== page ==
GR Magazine Releases Metro Rankings
GRAND RAPIDS — Grand Rapids Magazine this morning released the data used to compile its Metro Rankings — a statistical portrait of 96 area communities and 29 school districts.
Crowe Chizek assembled the statistical picture by assigning numeric weights to 36 categories for communities and 14 categories for school districts and then computing the final rankings from them.
Grand Rapids Magazine staff chose the categories used in the ranking process.
“We chose the categories based upon what people in the community have told us is important to them,” said Cara Kissling, managing editor of the magazine. “We wanted the categories to be relevant and reflective to and of the people who live here.”
What the magazine staff, who began collecting data in January, found were both things that surprised and comforted.
One report that surprised the staff was the fact that Rockford was the suburb with the highest number of nonviolent crimes. This finding however, must be dissected to reveal that the rate — 214 of every 1,000 residents — means less to pickpockets and more to lawn services.
Kissling said that 252 of Rockford’s nonviolent incidents fall under the category of miscellaneous criminal offense.
“In trying to break down the definition, we discovered that Rockford makes these violations a misdemeanor offense,” said Kissling. “However, these violations could be anything from long grass to barking dogs and clearing snow on sidewalks. It shows mostly that Rockford is concerned with keeping its city looking nice.”
In the city, an area that was added for the first time to the metro rankings, Grand Rapids Public Schools was ranked third out of 29 among districts. Kissling said the school district received the rating because of its high cumulative scores. In one category, that of voter turnout, the district ranked in first place.
Kissling noted that this rating shows very high parental involvement, a positive in the community. In addition, Grand Rapids was also the community that had the greatest number of schools of choice.
“Grand Rapids also has the most schools to choose from, and serves the most students in Kent County, although it is not the largest area in the county,” said Kissling. “We found that it was also the most diverse, with 32.7 percent of the population being non-white.”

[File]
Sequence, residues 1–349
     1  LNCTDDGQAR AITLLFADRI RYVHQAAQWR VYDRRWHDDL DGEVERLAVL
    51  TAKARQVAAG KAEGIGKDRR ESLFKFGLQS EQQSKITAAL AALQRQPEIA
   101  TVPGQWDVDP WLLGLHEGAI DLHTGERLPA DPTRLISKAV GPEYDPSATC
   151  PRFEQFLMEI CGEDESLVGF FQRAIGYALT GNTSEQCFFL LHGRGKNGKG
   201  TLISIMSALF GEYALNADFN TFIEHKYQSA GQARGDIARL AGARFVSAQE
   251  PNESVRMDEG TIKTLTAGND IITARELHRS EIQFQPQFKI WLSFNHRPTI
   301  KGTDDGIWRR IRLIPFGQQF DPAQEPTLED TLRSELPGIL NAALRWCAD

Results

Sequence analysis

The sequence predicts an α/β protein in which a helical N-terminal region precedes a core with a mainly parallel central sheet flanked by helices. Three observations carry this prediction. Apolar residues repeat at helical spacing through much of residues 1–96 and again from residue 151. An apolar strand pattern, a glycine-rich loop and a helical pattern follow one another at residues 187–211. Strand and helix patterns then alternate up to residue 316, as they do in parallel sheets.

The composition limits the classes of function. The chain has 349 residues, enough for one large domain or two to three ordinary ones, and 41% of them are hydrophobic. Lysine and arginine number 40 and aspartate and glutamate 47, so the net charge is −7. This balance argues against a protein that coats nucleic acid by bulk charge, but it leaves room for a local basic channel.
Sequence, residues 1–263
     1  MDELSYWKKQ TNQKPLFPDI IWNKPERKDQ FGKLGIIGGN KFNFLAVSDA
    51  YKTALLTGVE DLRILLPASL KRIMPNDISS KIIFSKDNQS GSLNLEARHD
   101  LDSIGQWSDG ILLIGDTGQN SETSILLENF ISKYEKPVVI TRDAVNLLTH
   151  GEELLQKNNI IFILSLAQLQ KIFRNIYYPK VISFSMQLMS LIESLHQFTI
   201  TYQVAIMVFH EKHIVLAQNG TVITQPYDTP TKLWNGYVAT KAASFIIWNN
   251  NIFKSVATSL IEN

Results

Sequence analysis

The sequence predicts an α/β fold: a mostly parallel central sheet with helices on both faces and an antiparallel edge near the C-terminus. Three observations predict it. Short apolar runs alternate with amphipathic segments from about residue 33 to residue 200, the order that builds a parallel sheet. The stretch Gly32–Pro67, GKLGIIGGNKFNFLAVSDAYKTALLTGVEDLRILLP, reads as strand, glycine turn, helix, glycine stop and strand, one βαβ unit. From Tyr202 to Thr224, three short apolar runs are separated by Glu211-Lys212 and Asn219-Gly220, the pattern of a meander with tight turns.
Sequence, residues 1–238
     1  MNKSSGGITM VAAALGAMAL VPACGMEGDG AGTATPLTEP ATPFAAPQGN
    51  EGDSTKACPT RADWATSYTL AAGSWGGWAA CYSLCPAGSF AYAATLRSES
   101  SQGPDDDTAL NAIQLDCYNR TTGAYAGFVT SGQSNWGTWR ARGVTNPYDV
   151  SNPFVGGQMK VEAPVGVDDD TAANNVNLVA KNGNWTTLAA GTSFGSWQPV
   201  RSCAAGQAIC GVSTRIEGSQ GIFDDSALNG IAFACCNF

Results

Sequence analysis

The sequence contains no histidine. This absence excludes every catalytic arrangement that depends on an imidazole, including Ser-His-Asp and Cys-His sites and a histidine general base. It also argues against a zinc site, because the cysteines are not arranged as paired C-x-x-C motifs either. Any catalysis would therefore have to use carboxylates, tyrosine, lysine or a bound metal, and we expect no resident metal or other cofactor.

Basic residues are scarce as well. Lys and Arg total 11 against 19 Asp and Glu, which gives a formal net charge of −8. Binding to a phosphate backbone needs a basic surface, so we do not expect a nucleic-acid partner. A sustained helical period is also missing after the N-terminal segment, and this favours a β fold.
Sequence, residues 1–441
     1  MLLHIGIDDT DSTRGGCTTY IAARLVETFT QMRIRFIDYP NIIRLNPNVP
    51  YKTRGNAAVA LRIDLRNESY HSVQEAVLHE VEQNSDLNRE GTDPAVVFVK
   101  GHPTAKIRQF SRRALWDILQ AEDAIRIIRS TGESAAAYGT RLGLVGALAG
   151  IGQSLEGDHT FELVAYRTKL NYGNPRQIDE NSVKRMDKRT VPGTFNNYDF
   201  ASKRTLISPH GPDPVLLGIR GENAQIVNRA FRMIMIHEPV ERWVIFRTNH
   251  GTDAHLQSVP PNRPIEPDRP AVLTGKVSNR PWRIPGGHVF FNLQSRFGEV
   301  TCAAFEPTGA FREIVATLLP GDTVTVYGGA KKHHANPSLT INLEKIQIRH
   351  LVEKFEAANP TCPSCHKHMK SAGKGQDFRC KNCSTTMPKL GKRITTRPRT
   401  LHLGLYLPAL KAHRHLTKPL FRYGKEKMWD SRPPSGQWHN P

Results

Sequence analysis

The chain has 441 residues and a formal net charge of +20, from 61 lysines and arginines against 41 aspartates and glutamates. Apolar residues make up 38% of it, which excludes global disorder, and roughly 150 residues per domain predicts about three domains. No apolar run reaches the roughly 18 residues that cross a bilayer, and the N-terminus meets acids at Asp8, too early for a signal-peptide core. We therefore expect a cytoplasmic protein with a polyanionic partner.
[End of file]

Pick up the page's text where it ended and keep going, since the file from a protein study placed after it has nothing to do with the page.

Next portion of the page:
These numbers were derived from the 2000 census, and while Kissling noted that working with three-year-old data was not ideal, it was used in order to create consistency.
Another topic the Grand Rapids Magazine staff found surprising was that of environmental contamination.
Each community reported how many contamination sites were located there; however, Kissling said, this doesn’t necessarily mean that one area is worse than another.
“A community may only have two contamination sites but if one is leaking and spreading waste, it is going to be more contaminated than, say, an area that reports having 10 contamination sites,” she said.
Kissling noted that this is just another reason why the numbers should be taken for what they are in every category.
“I think the biggest advantage of this report is that all of the figures and rankings are compiled in one spot. We have simply brought the communities the numbers; now it is up to community members to look at the numbers and see what is important to you,” said Kissling.
“Each member of the magazine staff found something different that surprised or disappointed them or that they found interesting. Having the information in one place allows people to intelligently assess their metro area as well as those around them.”
The data and rankings appear in the May 2003 issue of Grand Rapids Magazine.